Cynthia Gregory was one of the great prima ballerinas of the last century. I'd seen her American Ballet Theater performances countless times and the "after image" of her Odette-Odile in Swan Lake is indelible. She was memorable for her long expressive line, her subtle acting, her intelligent interpretations that always seemed to find something new in classic roles. She was the epitome of elegance.
Shortly after I moved to New York City in the late '70s, I went to a movie at an uptown theater. I don't recall the feature, but before it began, this short film of Gregory dancing with Ivan Nagy rolled. It has haunted me ever since, and based on the comments below this YouTube video, which surfaced recently, others had a similar reaction. What do you think?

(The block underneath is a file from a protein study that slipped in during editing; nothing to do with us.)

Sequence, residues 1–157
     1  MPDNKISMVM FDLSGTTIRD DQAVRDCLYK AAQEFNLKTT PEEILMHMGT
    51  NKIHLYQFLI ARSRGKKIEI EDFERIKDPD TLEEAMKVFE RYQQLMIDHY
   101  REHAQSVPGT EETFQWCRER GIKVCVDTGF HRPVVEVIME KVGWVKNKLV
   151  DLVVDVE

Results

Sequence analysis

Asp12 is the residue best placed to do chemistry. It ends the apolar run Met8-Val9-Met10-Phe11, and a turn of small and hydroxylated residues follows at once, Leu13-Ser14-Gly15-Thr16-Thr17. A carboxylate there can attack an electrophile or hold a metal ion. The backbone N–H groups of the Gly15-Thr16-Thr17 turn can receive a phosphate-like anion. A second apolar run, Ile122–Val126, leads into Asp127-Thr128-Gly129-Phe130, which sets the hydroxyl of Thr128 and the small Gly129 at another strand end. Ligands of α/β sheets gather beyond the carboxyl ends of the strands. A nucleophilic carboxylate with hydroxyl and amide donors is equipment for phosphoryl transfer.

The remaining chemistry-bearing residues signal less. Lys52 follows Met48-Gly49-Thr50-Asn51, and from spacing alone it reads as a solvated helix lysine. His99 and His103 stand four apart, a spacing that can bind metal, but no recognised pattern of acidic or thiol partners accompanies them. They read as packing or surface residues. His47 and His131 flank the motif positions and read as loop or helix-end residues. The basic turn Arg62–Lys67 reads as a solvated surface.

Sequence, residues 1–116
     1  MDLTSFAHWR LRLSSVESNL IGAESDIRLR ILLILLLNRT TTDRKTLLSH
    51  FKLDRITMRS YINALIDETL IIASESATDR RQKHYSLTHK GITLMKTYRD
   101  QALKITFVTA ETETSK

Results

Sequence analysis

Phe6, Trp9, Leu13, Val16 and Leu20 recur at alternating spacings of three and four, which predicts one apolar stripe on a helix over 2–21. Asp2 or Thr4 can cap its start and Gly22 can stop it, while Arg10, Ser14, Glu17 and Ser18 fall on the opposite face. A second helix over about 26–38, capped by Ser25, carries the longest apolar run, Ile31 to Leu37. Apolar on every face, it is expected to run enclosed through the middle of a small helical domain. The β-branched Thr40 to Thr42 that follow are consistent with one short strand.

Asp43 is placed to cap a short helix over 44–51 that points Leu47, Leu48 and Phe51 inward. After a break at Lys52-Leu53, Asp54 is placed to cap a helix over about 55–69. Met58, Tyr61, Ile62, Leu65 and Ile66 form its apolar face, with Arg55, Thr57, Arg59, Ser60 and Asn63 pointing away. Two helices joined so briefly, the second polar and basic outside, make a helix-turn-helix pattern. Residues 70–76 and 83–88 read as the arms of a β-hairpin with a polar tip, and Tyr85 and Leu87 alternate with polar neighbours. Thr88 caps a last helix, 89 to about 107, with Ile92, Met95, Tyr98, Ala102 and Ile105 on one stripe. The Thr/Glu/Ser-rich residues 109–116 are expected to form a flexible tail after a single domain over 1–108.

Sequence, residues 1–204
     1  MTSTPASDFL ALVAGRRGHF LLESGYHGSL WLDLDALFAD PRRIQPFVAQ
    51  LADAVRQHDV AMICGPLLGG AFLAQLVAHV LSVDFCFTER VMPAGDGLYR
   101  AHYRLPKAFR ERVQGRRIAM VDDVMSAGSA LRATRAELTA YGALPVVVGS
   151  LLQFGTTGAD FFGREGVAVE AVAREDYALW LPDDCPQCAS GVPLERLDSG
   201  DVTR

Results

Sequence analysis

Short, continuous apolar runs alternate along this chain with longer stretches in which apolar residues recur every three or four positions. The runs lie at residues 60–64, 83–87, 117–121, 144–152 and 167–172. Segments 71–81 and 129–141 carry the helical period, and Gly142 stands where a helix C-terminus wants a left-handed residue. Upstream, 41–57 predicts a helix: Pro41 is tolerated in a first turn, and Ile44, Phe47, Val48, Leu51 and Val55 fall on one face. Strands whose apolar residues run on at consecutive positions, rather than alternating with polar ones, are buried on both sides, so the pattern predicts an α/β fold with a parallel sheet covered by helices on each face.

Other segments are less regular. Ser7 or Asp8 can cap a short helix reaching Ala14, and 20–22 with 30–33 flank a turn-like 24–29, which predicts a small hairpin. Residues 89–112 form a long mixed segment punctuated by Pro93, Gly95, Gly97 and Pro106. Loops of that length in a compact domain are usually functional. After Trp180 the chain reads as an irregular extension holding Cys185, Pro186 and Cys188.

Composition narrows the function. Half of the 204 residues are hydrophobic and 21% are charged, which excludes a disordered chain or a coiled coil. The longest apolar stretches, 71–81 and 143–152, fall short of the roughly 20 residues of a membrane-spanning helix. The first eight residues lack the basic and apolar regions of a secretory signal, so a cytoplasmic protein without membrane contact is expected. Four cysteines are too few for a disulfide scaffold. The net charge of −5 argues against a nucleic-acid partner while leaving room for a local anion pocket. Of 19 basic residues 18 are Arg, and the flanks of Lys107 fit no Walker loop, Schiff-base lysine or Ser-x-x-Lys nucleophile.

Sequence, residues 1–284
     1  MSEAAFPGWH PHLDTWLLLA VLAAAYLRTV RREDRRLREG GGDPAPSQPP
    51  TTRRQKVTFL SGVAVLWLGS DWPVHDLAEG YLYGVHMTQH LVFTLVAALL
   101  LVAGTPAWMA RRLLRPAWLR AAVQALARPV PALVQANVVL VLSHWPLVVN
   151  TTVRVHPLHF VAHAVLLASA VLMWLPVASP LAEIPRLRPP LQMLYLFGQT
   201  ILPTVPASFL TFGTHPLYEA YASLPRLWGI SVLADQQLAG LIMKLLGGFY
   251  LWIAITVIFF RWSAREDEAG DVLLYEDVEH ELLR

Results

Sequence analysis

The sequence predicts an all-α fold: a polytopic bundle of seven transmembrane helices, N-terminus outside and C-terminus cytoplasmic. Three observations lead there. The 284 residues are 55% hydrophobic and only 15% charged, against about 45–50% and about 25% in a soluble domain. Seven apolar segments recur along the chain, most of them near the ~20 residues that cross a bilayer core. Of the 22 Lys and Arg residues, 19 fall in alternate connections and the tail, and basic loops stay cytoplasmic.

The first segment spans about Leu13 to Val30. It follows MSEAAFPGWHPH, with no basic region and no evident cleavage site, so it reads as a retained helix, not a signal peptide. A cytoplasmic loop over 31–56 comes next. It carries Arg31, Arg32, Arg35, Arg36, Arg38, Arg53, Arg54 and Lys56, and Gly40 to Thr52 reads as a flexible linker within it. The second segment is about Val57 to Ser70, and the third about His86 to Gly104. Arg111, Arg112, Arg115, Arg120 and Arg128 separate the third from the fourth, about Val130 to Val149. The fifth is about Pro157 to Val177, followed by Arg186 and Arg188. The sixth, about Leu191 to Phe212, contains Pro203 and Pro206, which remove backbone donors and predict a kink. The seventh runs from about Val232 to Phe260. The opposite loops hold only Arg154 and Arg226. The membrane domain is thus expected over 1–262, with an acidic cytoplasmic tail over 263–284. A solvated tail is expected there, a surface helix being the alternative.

During those years, my sister Amy and I often attended the summer weekend matinees at Lincoln Center. One afternoon, moments before the first curtain, we grabbed a couple of empty orchestra seats we had spied from our perch in the balcony. Just as the conductor tapped his baton,a voice came over the loudspeaker to announce that Ms. Gregory would not be dancing. "Damn," I said. "You can't plan on anything these days." "Sometimes we have injuries," said the woman seated to my right. I turned. It was Cynthia Gregory, and her ankle was bandaged. I hadn't recognized her in street clothes and without makeup.
On another occasion, my sister and I had a post-performance snack at O'Neal's Balloon, a casual restaurant that faced the State Theater dressing room exit. Just as our drinks arrived, Cynthia Gregory stepped onto the street and into a cab. Her arms were filled with bouquets of lilies. She was wearing a white silky summer dress and a white straw hat with an enormous brim. Was she a vision or a waking dream?